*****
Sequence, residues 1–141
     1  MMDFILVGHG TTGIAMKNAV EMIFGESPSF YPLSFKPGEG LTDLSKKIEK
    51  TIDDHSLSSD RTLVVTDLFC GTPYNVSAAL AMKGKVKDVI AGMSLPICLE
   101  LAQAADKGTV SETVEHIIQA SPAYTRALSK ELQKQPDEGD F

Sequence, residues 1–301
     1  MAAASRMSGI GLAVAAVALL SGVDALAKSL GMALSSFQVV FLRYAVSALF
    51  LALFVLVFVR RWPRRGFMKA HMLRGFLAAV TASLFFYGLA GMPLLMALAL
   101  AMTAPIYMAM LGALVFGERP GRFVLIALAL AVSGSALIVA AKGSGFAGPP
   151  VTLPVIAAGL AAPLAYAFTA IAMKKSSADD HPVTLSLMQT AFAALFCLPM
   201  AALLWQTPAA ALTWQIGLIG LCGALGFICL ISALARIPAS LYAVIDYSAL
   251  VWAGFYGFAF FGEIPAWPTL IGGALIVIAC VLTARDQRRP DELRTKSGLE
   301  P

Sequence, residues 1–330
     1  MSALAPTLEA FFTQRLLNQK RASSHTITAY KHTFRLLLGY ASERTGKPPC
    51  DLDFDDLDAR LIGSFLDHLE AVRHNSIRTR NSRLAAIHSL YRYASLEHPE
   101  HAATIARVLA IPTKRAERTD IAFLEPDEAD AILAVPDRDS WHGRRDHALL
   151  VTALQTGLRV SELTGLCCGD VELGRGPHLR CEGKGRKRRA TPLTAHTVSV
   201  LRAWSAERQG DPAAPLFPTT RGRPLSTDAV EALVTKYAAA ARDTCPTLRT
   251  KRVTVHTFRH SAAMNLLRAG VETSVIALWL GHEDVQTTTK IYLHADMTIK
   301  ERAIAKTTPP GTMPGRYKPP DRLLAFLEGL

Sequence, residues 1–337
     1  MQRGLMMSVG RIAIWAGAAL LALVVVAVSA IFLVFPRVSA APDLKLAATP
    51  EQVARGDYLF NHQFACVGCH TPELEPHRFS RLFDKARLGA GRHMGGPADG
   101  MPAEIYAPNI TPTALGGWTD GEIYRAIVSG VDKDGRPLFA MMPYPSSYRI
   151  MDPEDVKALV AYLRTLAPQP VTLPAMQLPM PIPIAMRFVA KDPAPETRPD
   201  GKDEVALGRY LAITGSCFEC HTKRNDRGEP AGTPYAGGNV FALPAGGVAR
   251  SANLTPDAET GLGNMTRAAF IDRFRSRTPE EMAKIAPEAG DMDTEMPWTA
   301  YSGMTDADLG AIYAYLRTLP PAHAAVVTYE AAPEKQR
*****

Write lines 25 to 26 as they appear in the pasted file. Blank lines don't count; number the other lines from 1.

   151  MDPEDVKALV AYLRTLAPQP VTLPAMQLPM PIPIAMRFVA KDPAPETRPD
   201  GKDEVALGRY LAITGSCFEC HTKRNDRGEP AGTPYAGGNV FALPAGGVAR